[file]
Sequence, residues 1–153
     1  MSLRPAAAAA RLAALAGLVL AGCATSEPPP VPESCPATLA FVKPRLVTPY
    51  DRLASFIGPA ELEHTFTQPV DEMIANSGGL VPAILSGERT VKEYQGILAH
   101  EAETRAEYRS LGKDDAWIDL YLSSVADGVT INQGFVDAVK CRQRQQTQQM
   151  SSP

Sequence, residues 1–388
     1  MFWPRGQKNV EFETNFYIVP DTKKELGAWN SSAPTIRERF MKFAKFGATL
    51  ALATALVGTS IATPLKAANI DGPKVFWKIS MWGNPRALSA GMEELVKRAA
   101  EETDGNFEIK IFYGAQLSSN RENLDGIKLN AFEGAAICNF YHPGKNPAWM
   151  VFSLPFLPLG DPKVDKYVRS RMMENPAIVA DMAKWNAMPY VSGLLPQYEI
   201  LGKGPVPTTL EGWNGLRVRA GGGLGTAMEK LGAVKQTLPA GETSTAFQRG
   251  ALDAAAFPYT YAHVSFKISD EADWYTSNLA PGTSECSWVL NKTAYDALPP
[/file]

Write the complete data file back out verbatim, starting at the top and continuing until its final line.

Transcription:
Sequence, residues 1–153
     1  MSLRPAAAAA RLAALAGLVL AGCATSEPPP VPESCPATLA FVKPRLVTPY
    51  DRLASFIGPA ELEHTFTQPV DEMIANSGGL VPAILSGERT VKEYQGILAH
   101  EAETRAEYRS LGKDDAWIDL YLSSVADGVT INQGFVDAVK CRQRQQTQQM
   151  SSP

Sequence, residues 1–388
     1  MFWPRGQKNV EFETNFYIVP DTKKELGAWN SSAPTIRERF MKFAKFGATL
    51  ALATALVGTS IATPLKAANI DGPKVFWKIS MWGNPRALSA GMEELVKRAA
   101  EETDGNFEIK IFYGAQLSSN RENLDGIKLN AFEGAAICNF YHPGKNPAWM
   151  VFSLPFLPLG DPKVDKYVRS RMMENPAIVA DMAKWNAMPY VSGLLPQYEI
   201  LGKGPVPTTL EGWNGLRVRA GGGLGTAMEK LGAVKQTLPA GETSTAFQRG
   251  ALDAAAFPYT YAHVSFKISD EADWYTSNLA PGTSECSWVL NKTAYDALPP